• maverickny

      Hi Amanda,
      Well, it depends on what you define as ‘common’. To clarify, I think this is more of a relative than an absolute discussion since I’m not suggesting brain mets don’t occur in breast cancer – they certainly do in metastatic disease, particularly in high risk patients and those with TNBC. It is less common in the ER+ subset though as you note, which is what I was discussing here with the clinical programs for the CDK inhibitors; most of the trials are looking at ER+ HER2- disease. It would be very interesting to see what happens in TNBC and high risk patients with brain mets, absolutely. In a recent discussion with a couple of BrC researchers, they all thought it was less common that I did so while at MBCC, I asked a breast cancer thought leader for his perspective and his actual words were, “It’s not that common in ER+ disease, but much more common in TNBC” so I conceded the point 🙂

      When you take breast cancer as a whole, irrespective of subtype, epidemiologic studies suggest that brain metastases occur with a frequency of ~10–16% in patients in this disease so while it exists, it’s not where the majority of mets are found – I suspect bone mets would be the most common out of bone, lung, liver, lymph nodes and brain.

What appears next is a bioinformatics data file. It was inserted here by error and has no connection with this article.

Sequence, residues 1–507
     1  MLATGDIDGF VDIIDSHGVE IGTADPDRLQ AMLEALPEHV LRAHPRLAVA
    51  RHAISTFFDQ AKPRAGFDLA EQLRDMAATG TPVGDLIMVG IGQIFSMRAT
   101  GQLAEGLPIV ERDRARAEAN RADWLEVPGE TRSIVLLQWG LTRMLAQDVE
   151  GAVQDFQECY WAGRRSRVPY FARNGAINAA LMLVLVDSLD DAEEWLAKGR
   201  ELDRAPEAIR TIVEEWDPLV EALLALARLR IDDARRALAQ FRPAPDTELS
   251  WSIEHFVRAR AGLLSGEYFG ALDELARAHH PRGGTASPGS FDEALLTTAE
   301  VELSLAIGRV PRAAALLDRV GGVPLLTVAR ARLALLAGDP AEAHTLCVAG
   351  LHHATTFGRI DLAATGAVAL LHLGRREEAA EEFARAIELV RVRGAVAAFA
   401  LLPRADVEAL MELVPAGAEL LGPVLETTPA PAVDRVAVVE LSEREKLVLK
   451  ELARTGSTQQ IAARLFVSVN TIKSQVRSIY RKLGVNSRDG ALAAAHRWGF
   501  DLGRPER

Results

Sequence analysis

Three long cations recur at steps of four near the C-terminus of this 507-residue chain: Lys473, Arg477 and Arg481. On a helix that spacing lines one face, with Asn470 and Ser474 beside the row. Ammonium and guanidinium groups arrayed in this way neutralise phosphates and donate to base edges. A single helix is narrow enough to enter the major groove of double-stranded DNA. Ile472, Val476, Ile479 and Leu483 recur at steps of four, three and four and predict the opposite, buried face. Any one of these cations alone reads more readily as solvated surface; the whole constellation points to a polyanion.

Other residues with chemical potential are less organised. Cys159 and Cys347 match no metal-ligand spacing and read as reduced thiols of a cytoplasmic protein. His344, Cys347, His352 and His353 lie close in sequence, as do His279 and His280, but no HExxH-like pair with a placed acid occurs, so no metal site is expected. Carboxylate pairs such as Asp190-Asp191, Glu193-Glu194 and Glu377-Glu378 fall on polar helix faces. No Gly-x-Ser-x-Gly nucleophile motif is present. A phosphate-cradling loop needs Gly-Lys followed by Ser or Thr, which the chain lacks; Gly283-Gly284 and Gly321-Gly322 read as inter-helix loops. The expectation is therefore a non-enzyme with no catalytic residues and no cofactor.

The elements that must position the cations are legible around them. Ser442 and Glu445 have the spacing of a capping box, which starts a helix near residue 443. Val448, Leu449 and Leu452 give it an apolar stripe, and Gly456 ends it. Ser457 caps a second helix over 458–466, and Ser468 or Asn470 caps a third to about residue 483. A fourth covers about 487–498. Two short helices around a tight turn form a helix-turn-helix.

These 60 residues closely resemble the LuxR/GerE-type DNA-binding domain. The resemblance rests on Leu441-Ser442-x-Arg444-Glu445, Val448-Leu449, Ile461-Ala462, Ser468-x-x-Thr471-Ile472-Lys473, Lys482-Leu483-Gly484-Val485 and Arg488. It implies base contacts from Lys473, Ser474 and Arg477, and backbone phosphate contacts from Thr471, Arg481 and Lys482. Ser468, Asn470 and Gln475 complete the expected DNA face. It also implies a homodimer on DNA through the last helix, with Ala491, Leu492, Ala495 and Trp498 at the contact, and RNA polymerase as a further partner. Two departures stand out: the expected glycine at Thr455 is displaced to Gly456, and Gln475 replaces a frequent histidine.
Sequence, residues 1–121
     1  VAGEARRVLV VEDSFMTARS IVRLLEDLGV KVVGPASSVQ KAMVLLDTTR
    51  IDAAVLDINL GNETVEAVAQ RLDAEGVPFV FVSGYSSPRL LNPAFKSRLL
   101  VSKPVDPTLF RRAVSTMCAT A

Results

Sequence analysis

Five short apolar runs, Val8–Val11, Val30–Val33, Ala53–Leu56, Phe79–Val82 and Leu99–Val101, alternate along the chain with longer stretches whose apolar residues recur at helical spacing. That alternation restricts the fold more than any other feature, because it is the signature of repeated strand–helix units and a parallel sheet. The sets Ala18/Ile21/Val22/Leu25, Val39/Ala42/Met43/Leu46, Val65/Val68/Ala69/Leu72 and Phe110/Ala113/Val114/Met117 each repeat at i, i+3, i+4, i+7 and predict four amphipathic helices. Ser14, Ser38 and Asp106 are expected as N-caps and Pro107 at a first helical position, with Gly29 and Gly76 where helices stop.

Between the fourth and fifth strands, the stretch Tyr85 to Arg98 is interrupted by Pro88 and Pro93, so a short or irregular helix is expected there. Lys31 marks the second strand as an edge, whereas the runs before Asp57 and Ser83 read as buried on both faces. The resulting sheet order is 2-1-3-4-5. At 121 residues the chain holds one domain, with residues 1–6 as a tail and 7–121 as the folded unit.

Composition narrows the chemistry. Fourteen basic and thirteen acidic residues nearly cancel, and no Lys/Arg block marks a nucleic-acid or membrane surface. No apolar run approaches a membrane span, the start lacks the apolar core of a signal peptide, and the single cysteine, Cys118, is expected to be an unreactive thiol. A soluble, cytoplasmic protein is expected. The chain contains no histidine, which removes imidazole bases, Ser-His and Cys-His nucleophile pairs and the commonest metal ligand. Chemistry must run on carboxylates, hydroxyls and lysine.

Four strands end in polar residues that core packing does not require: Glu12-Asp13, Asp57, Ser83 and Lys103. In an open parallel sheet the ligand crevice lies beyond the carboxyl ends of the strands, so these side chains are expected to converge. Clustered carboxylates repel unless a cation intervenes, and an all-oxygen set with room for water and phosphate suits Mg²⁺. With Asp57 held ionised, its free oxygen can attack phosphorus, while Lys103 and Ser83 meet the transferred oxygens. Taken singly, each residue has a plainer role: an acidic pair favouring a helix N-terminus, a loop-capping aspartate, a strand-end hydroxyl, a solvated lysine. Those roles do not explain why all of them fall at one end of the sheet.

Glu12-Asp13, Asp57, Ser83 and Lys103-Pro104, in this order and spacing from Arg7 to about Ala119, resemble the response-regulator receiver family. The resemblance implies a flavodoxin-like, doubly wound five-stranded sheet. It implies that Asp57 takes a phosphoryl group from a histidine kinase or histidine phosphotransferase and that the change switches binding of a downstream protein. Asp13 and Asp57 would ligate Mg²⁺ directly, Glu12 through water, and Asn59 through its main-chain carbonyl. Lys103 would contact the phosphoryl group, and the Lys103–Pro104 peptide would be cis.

• Angela Alexander

      Yes Amanda you are correct that brain mets do occur in breast cancer, and the incidence does vary by molecular subtype. TNBC and HER2+ (ER-ve) have higher rates than the ER+ subsets. Luminal A, which represents the population for which Pfizer is going for initial FDA approval have a 2.2% rate of brain mets at 15 years (per Kennecke, et al JCO 2012). Luminal B’s without Her2 still don’t have that high of a rate (4.7%). The role of CDK4/6 inhibitors in TNBC is minimal since the Rb pathway is more frequently deregulated, and cyclin E (which is cytoplasmic and constitutively active) in 70% of TNBC abrogates the G1/S checkpoint anyway making CDK4/6 inhibitors not useful in the majority of these high-risk patients. The landscape in HER2+ MBC now is much more complicated, and so while the brain penetration of LY’s may be an advantage, they would have to beat T-DM1+Pertuzumab likely, which isn’t particularly likely IMO.

  2. AmandaT

    Thank you both! Every day I learn a little more!

    • maverickny

      Ask away any time – that’s what I love about the oncology community – we all share and learn from each other!

    • maverickny

      Hi Andrew, well… I think there were plans to kill it judging from our previous discussion on pancreatic cancer when researcher feedback suggested it might be on it’s way out. However, if the pan can trial of diniciclib + MK2206 shows some really stunning results, many of us would hope that common sense will prevail!